Xi Jinping has been confirmed for a third five-year mandate as Chinese Communist Party general secretary.
Were he to complete his third term, he would become the longest-running paramount leader since Mao Zedong.
The news sent shockwaves across China’s stock market. In one day, the country's domestic equity market saw foreign investors pull out more than $2.5 billion. The market’s reaction is one of rejection due to Xi’s growing posture as a totalitarian and inviting newly-minted fears of a Mao-like figure with a cult of personality built around him. These traits don't bode well for a globalized, frictionless economy that allows trade to flow freely and predictably, which global markets tend to favor.
The Politburo Standing Committee is the Chinese Communist Party’s ruling body, composed of seven officials that harness the country’s core political power in one room, with Xi Jinping on the top.
“Xi’s wartime cabinet is in place,” Kyle Bass, founder and chief investment officer of Hayman Capital Management, said on Twitter.
The committee is fully composed of Xi loyalists. Three members carried over from the previous committee. Among those excluded was Premier Li Keqiang, whose views on market reform contrasted with Xi’s.
Observers noted that the new committee is more focused on preparing China for military conflict than economic growth.
“National security and the party’s political security is clearly a higher priority than achieving high rates of economic growth,” Drew Thompson, a researcher at the National University of Singapore, said to the New York Times.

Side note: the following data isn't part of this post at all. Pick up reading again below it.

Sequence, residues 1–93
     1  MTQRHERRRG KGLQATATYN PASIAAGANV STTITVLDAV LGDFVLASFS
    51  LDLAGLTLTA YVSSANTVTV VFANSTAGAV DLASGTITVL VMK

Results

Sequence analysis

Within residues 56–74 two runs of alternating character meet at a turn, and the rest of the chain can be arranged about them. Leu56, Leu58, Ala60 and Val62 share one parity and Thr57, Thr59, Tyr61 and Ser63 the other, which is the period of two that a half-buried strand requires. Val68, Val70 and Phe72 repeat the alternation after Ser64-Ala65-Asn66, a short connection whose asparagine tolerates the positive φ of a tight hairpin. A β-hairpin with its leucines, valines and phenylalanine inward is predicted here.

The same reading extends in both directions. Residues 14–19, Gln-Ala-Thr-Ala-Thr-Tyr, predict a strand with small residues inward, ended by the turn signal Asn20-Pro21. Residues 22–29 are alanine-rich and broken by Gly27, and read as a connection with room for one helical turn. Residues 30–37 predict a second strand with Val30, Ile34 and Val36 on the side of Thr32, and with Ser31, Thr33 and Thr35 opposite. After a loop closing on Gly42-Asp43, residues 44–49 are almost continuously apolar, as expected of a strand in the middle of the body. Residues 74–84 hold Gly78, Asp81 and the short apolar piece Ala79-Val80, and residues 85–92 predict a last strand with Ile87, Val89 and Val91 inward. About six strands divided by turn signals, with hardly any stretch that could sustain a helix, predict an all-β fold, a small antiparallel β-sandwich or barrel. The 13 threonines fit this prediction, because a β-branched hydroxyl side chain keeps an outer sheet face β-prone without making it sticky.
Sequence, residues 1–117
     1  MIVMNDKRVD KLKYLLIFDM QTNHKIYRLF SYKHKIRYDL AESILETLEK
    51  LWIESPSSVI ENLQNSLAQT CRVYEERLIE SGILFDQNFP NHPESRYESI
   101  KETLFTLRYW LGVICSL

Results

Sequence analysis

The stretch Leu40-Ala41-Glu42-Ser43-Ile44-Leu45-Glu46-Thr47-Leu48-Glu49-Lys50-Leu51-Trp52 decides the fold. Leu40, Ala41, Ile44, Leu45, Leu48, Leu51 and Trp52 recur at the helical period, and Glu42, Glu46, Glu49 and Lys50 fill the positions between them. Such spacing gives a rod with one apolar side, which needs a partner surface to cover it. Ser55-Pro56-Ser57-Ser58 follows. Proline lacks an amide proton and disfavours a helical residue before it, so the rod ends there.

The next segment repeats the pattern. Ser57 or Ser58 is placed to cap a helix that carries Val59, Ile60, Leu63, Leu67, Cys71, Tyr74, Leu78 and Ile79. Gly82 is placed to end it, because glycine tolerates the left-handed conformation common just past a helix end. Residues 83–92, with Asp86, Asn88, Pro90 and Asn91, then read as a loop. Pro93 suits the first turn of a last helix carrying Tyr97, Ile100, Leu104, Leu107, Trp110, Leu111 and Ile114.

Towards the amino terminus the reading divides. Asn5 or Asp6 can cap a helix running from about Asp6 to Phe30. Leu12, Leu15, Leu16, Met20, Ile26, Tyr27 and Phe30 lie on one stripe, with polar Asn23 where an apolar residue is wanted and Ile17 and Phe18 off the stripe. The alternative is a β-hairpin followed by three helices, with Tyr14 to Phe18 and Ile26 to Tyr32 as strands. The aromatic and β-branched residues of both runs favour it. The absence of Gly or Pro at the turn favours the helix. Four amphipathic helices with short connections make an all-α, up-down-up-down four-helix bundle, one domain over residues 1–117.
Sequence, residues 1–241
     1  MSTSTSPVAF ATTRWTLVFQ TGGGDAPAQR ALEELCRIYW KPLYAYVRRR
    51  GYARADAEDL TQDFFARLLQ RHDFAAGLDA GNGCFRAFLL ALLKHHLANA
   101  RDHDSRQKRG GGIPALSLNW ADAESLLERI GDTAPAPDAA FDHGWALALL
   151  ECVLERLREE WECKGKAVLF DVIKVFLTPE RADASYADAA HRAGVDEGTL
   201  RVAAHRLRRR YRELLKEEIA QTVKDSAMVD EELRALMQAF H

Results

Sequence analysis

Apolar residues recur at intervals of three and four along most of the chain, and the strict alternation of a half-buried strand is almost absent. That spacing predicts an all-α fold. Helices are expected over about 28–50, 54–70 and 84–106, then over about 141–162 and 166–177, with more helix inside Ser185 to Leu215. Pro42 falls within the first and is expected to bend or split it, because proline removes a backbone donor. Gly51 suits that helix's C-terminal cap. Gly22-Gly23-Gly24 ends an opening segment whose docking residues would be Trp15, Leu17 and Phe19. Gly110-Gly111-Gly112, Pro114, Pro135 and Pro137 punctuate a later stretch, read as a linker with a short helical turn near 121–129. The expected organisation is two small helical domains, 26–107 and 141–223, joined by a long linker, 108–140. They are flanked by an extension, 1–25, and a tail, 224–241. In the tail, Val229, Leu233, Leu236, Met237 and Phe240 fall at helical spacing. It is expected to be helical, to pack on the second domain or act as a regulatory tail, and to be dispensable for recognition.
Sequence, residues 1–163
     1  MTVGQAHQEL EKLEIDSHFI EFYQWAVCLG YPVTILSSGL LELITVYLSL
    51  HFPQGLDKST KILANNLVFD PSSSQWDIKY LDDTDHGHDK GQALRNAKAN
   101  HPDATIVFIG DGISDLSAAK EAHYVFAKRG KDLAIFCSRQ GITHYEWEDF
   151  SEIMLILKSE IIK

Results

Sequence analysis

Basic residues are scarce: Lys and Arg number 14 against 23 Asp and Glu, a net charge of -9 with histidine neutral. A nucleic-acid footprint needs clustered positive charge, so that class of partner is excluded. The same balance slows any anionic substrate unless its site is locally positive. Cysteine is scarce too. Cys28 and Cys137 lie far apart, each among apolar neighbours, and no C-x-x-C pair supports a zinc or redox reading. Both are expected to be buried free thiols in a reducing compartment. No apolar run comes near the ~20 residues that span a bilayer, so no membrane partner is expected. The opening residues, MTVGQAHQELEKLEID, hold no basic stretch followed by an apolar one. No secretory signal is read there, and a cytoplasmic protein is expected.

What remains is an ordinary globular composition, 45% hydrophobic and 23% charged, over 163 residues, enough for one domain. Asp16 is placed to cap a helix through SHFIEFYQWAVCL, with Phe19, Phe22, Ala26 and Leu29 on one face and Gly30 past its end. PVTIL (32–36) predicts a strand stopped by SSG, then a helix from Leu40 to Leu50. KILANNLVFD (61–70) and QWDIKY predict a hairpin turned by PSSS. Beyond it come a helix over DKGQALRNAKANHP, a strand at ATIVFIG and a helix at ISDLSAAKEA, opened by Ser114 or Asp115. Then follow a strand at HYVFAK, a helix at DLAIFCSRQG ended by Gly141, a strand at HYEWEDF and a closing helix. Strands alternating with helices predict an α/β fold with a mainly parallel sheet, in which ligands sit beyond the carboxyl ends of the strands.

According to Hayman Capital’s Bass, the committee’s appointees clearly illustrate the country’s deprioritizing economic objectives in favor of a military-oriented readiness.
Xi “sacked the only three men with markets experience” from the committee, he said.
The removals also replicated into China’s Politburo and the Central Committee, the second and third ruling bodies in order of priority after the all-powerful Politburo Standing Committee. Some include:
- Yi Gang, the head of the People's Bank of China
- Liu He, director of the Central Financial and Economic Affairs Commission
- Guo Shuqing, head of the China Banking and Insurance Regulatory Commission.
Financially-savvy members of the previous committees were removed in favor of military-oriented officials including two commanders that serve as Xi’s vice chairmen on the Central Military Commission: General Zhang Youxia and Chen Wenqing, the minister of state security.
“These moves send a clear message to the world that conflict and ‘Great Struggle’ are coming soon,” Bass says.
Impact On The Markets: From China To The World
“Today’s 10-20% crash in Chinese shares is just the beginning of the destruction of western capital invested in Chinese companies,” Bass wrote.
After Xi's reelection, Alibaba Group Holding Ltd. (NYSE:BABA) plunged 20% off Friday’s closing price at one point Monday before bouncing up about 6% from the low-of-day.
The Chinese multinational tech company plummeted in tandem with a number of other China-based stocks in the tech sector.
Diana Choyleva of Enodo Economics echoed other analysts by saying in The Wall Street Journal that for Xi, “ideology and national security trump all other considerations, including growth.”